Liability only for conduct exceeding all bounds for which RPP could tolerate
Law does not protect timidity unless D has knowledge of P’s sensitivity
HYPO: Repetition of acts could be enough to be considered severe, even if one occurrence of the act couldn’t get you there on its own.

Age can also affect severity


RR employee calls passenger a name=liable
Hotel Bar, where you aren’t a guess=not enough for special Common Carrier relationship.

OUTRAGE: Must be extreme and outrageous, mere insults, threats/annoyances are not enough.

()- P says boss knew of his speech impediment and maliciously/cruelly ridiculed him which caused nervousness that increased his physical defect;

BYSTANDER RULE: 3P recover for IIED if (1): D knows of Ps presence, (2) Bystander suffers bodily harm, (3) Conduct directed @ family member or a person there was a close relationship w/ (intimate relationship requirement)

()- Father is beaten up by D in P’s daughter’s presence; P (daughter) says IIED and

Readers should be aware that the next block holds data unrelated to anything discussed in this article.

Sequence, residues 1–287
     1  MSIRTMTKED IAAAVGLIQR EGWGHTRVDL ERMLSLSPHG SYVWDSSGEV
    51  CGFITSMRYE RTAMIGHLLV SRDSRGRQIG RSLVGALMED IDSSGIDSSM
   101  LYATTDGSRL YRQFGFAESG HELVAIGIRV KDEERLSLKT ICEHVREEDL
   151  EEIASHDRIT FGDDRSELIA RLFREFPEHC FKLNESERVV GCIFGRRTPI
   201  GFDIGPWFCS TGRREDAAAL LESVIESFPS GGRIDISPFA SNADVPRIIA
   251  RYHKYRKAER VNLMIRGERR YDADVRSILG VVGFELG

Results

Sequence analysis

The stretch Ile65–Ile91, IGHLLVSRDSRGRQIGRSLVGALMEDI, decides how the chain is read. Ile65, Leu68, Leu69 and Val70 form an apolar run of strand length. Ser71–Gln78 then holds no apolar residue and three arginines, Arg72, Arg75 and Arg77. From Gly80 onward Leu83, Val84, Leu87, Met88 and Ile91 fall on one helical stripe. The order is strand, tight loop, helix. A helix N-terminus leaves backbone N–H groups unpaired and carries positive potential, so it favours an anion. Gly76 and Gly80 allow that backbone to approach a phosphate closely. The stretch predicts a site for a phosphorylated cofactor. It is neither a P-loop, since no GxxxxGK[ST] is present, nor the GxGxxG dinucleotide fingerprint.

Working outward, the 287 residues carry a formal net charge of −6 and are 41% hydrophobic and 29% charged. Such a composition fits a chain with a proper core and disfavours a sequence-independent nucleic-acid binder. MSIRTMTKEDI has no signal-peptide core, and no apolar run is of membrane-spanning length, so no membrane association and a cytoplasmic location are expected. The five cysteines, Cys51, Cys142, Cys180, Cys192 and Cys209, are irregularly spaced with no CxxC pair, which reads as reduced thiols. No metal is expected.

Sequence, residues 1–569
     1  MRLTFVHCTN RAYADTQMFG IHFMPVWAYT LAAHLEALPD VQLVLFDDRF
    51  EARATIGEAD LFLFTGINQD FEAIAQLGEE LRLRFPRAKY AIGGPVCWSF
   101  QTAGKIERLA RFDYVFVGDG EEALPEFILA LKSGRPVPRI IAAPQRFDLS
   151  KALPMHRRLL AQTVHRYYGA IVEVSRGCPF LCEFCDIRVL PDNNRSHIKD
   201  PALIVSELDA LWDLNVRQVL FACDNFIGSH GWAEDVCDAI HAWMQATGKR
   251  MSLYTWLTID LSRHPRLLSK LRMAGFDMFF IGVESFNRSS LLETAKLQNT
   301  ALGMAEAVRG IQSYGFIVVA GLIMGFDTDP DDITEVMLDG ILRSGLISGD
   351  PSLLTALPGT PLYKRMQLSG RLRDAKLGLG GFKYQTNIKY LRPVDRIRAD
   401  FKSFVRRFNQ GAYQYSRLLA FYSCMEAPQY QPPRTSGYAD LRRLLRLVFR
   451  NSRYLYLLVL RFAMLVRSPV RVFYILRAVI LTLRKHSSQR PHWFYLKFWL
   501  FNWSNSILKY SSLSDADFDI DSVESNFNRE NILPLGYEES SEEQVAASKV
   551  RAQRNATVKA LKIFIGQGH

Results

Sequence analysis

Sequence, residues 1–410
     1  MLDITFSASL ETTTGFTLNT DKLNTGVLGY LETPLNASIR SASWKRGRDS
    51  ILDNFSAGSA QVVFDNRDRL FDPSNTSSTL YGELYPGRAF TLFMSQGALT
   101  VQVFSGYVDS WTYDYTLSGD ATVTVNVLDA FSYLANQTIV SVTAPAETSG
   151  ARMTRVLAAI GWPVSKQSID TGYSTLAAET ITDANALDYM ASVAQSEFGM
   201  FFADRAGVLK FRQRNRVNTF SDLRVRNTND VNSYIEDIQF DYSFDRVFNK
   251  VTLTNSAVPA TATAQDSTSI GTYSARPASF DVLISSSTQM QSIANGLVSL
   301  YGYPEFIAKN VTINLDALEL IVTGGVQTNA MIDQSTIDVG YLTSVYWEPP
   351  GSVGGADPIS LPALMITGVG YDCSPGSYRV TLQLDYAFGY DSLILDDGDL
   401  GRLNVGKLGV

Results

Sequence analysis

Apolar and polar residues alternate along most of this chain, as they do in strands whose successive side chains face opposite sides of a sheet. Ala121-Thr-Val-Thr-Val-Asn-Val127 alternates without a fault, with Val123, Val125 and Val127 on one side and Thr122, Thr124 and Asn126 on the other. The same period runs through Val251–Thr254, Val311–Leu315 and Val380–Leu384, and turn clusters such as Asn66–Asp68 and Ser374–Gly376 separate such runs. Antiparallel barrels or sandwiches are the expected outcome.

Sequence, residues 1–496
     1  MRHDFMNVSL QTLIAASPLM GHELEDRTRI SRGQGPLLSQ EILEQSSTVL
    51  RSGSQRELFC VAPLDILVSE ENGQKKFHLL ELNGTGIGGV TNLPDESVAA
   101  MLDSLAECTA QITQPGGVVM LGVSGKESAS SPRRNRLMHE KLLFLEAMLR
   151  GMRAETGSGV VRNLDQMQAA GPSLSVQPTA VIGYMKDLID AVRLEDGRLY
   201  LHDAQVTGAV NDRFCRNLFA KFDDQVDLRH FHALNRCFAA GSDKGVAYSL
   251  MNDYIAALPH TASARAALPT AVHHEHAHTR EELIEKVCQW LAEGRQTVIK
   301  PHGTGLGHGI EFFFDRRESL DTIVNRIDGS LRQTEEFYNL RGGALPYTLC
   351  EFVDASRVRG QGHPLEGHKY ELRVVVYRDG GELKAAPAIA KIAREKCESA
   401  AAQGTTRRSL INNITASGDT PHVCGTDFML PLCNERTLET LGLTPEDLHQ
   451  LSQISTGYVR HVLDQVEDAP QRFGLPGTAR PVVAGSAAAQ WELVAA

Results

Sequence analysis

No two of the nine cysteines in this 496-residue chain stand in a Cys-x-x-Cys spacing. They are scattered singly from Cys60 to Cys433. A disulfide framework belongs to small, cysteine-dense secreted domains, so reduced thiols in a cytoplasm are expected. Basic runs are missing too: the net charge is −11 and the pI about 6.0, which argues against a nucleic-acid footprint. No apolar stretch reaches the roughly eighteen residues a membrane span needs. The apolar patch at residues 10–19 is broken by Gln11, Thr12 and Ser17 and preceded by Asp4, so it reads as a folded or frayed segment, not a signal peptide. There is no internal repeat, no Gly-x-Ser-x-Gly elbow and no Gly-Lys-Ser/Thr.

Must be intent for IIED, acting with purpose to cause IIED

Must show the 1. act is done for the purpose of causing the distress or 2. With knowledge on the part of the actor that severe emotional distress is substantially certain to be produced by his conduct.
Doctrine of Transferred intent does NOT apply to IIED except to corpses

Trespass to Land

Intentional and unauthorized entry onto land of another OR
Remaining beyond the time invitation to be on the land is revoked OR
Failing to remove something one has a duty to remove

Every unauthorized and unlawful entry into the property of another is trespass even if there is no damage

() –
Protects the right to exclusive protection of land
Mistake is NOT a defense if the necessary intent is there, even if there’s no property damage.

It is trespass to pass over, or cause an object to pass over, the land of another, even if there has been no touching of the soil

( – D is responsible if item is in D’s control when enters land
D is hunting and shot his gun across P’s land. Space above land also belongs to owners and can constitute trespass;